The metallic salt stabilizer may be Barium Zinc phenate having a specific gravity of 1.0 grams per cubic centimeter, and a Gardner viscosity rating of "E", known as "Synpron 1780", available from Synthetic Products Corporation of Cleveland, Ohio.
The resin may be a high molecular weight PVC homopolymer dispersion resin as classified D5-22 in ASTM Standard D-1755, having a relative viscosity of about 2.83, an inherent viscosity (per ASTM D-1243) of 1.27, a Fikenstscher K value of 78, and a specific gravity of about 1.4 (per ASTM D-792), known as "VC 1069", available from Borden Chemicals and Plastics of Geismar, La.
Molding the gel into the desired shape may be carried out by (1) extruding the vinyl plastisol into a mold; (2) allowing it to cool to form a viscoelastic material; and (3) removing the material from the mold. During the extrusion process the vinyl plastisol should enter the extruder at a temperature of from about 100 degrees F. to about 115 degrees F. and should exit the extruder into the mold at a temperature of from about 330 degrees F. to about 350 degrees F.
Step 3, disposing the viscoelastic material 28 within the bladder, may be carried out by positioning a piece of viscoelastic material 28 on the lower sheet 34 and aligning the upper sheet 36 with the lower sheet 34.
Step 4, sealing the deformable bladder 22 may be accomplished by attaching the sheets together with a peripheral seam 38, to form the bladder. The peripheral seam 38 may be formed by welding the sheets together with a dielectric welding apparatus.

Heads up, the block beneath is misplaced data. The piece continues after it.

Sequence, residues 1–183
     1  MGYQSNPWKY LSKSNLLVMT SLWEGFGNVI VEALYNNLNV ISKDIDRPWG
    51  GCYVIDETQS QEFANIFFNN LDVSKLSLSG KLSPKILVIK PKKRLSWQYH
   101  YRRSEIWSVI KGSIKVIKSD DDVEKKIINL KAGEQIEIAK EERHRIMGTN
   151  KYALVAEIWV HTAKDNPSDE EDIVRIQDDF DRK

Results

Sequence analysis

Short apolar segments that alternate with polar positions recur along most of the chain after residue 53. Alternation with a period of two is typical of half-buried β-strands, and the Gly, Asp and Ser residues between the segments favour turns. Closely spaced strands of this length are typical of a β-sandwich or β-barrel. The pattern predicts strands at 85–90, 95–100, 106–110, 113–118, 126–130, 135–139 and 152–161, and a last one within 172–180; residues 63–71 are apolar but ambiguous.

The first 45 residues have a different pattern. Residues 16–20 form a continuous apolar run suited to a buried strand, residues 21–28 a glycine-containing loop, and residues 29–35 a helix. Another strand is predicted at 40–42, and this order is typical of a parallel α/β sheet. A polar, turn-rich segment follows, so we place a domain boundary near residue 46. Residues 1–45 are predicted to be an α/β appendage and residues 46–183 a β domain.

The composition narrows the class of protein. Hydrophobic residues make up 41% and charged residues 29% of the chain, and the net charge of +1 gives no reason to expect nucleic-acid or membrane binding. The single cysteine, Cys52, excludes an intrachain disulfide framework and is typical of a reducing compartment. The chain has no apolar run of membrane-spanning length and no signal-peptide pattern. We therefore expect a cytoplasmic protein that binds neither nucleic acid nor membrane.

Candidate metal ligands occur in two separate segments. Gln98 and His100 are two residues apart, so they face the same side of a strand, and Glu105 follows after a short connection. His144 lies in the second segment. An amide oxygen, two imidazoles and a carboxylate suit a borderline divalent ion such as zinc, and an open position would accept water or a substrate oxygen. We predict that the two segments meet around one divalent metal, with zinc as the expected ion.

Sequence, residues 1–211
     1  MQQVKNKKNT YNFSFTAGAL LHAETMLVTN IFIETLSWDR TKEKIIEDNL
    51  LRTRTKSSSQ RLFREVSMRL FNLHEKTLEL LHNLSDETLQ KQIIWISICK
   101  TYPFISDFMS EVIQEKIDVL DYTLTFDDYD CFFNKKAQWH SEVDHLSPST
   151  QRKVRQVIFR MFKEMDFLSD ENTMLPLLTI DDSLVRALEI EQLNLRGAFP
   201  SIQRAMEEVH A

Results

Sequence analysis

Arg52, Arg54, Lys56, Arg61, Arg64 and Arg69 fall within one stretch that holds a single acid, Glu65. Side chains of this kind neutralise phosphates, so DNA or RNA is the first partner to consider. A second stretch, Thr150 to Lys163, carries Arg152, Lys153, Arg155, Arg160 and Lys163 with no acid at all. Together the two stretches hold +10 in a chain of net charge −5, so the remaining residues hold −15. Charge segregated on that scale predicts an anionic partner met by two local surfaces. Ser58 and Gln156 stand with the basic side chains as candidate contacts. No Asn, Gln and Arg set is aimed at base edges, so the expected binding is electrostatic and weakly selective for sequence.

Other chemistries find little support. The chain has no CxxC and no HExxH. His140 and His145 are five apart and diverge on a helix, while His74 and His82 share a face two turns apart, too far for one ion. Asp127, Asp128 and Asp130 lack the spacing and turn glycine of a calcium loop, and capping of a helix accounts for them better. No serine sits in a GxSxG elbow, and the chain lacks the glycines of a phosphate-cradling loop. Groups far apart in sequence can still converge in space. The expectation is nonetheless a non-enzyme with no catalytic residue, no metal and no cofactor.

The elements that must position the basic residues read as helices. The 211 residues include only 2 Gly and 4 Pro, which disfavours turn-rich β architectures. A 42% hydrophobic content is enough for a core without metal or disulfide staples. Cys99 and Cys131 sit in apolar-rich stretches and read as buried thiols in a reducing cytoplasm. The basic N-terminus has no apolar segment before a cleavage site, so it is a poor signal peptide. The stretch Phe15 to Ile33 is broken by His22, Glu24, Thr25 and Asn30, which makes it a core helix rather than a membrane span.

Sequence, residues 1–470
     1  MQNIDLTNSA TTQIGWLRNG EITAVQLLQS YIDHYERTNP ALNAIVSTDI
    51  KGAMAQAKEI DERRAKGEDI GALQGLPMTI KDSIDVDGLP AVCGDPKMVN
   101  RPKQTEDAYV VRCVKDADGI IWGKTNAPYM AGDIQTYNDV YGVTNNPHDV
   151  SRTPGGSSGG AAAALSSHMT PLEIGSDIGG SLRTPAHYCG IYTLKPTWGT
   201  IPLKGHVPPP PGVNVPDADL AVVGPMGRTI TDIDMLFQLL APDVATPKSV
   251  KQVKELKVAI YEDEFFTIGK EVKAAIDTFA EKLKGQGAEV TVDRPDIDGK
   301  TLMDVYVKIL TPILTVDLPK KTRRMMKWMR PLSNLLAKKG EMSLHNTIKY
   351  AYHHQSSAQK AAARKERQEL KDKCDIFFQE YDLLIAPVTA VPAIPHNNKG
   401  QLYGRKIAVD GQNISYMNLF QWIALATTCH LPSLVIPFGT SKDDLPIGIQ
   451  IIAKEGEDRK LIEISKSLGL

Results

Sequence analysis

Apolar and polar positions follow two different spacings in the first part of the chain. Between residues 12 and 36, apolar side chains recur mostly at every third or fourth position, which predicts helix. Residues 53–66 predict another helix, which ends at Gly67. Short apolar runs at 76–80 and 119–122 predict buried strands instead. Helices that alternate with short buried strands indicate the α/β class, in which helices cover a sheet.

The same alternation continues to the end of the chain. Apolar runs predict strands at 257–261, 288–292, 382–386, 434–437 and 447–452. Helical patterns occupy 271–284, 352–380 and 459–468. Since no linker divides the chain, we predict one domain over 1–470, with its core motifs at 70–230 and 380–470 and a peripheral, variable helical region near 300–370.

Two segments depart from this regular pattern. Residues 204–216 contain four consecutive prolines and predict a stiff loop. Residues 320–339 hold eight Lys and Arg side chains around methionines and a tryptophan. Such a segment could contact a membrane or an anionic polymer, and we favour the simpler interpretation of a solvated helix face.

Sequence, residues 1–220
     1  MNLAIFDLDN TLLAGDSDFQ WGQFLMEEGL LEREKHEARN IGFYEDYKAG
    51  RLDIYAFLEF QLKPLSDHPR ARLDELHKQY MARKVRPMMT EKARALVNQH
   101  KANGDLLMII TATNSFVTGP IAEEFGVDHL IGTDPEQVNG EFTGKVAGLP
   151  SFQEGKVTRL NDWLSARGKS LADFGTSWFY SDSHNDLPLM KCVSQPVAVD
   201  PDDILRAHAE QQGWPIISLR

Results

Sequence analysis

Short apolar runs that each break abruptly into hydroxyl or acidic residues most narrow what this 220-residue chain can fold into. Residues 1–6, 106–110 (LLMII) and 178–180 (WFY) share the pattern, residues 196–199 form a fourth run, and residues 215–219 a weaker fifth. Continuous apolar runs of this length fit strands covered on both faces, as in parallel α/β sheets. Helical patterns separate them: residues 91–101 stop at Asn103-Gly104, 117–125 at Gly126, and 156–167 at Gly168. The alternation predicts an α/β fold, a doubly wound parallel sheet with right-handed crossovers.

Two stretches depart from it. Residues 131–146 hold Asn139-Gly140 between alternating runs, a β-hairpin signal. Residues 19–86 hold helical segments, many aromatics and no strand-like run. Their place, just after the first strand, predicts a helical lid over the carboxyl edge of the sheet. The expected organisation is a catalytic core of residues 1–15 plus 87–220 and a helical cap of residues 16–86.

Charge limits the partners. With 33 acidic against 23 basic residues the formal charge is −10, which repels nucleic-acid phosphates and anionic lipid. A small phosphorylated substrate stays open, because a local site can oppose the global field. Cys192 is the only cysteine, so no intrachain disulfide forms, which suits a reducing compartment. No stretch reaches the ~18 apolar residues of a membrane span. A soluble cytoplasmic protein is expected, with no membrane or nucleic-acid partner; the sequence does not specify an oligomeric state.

Optional Step 5, installing a valve means, may be accomplished by positioning a tube 41 between the upper sheet 36 and the lower sheet 34, before the sealing step, then welding the sheets together so as to seal around the tube 41, and, finally, inserting a valve 40 inside the tube 41.
The valve 40 permits the fluid 26 to be introduced into, or removed from the deformable bladder. Generally, it may be any device that is able to transfer either liquids or gases from a source of higher pressure, such as a manual hand pump, to the bladder, and hold or release controlled amounts of either fluids or gases on demand.
A particular device that can be used for the valve 40 is a Luer style check valve known as "Series 810 SCS" available from Halkey Medical Division of Halkey-Roberts Co. of St. Petersburg, Fla. Other devices that may be used for the valve 40 include automatic check type valves utilizing a traditional Schraeder core, twist closure body type insertion valves such as Roberts Body type AS or AC, shank type insertion valves, duckbill type check valves, manual metering valves, permeable membranes, and a remote fluid reservoir connected to the bladder.
The tube 41 may be a short length of 3/8 inch outside diameter polyurethane plastic tubing.
Once the cushion 20 is thus formed, air may be introduced into the deformable bladder 22 to a pressure selected to provide the desired energy absorbing characteristics. The pressure may be, for example, from about 1 pound per square inch (gauge) to about 5.0 pounds per square inch, more desirably from about 0.1 pounds per square inch to about 0.5 pounds per square inch.